An Executry is the process of dealing with someone’s assets and liabilities when they die. In England they call this process Probate. Someone has to take responsibility to find out the extent of the deceased’s estate when they have passed away. That person is called the Executor. There has to be an executor in every Executry. The Executor will deal with the administration of the assets and liabilities (we call this the Estate).
When there’s a Will, it will set out who should receive what. The law sets out the distribution of the estate when there’s no Will. That’s why it’s important to make a Will. You can read our Wills page to find out more – just click here. The Executor needs to know about Prior Rights and Legal Rights. Prior Rights in an estate apply when there’s no Will and Legal Rights to an estate apply whether there’s a Will or not.
Appointing an Executor
If there’s a Will, it will contain the details of who should be the Executor. Otherwise, you need to make an application to the court to appoint an Executor if there’s no Will. The Executor is usually a family member when there’s no Will.
You might need a Bond of Caution. This is a type of insurance policy to protect the beneficiaries’ interests in the estate.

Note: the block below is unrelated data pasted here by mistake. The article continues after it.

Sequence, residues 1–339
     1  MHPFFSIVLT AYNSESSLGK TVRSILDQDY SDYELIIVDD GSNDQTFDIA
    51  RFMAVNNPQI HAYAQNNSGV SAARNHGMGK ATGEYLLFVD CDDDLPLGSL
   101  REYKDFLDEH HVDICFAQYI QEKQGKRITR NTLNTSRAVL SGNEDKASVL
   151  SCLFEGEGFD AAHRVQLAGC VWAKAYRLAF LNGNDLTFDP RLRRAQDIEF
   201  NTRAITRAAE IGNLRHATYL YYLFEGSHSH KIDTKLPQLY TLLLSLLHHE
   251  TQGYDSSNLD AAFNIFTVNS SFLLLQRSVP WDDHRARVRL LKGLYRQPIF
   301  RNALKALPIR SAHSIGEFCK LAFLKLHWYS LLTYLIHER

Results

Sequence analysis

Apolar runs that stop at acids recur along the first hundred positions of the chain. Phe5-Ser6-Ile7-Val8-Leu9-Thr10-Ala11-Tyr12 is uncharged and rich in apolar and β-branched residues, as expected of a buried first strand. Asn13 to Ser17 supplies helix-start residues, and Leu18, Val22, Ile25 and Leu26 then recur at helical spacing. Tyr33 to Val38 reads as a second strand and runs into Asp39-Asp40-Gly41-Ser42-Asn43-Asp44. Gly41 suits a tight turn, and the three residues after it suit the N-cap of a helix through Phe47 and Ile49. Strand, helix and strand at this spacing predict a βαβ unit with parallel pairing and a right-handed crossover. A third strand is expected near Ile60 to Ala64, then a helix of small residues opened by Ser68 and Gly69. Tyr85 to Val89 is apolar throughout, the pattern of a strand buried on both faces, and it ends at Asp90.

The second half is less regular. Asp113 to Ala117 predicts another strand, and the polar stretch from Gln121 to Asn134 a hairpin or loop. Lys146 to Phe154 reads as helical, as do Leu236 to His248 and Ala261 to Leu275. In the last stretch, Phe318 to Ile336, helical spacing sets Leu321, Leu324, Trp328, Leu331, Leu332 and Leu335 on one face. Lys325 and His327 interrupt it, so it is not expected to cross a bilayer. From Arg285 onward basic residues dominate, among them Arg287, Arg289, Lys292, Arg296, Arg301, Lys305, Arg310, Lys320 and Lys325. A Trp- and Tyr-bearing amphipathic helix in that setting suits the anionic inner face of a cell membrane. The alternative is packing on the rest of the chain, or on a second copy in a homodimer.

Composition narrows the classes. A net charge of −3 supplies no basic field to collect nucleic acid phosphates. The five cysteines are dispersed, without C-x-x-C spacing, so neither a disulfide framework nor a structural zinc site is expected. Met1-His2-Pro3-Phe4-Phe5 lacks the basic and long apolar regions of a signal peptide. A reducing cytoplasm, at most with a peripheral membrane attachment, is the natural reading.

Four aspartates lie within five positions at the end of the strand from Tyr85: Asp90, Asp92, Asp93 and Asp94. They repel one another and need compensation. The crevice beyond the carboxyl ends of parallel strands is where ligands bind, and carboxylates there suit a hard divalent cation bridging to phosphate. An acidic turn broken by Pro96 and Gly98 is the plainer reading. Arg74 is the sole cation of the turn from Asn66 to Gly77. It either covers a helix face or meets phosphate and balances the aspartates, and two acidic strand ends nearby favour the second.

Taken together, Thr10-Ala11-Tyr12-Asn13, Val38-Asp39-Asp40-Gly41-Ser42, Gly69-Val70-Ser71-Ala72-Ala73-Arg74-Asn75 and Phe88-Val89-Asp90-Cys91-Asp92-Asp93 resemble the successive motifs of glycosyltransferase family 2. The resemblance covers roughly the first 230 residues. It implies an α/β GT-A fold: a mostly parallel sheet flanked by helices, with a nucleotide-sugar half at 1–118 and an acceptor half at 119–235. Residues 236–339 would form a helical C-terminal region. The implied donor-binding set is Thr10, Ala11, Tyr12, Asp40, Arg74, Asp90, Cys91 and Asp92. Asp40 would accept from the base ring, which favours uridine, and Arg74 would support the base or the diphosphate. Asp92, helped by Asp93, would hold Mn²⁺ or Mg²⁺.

You can’t proceed to the next stage in the process if there isn’t a Will. You need to have an executor named in the Will or appointed before you can apply for Confirmation.
Obtaining Confirmation (Probate)
When the extent of the estate is known, an application is made for Confirmation (for Probate in England) . The Confirmation contains details of the deceased’s estate. It also lists any debts to be paid. The Court checks the application and grants a Certificate of Confirmation.
Ingathering and Distributing the Estate
The Confirmation is used to then uplift all of the estate. When funds arrive, the debts are paid. The final stage is to arrange the distribution. A set of accounts known as an Account of Charge and Discharge are prepared. These list all of the estate in the application for Confirmation. They also list what has been recovered, the debts and expenses paid and to whom the estate will be distributed.
Executry Solicitors in North East Scotland
The Executry process can be complicated – particularly if there’s no Will. Our Executry solicitors regularly guide Executors through the entire process.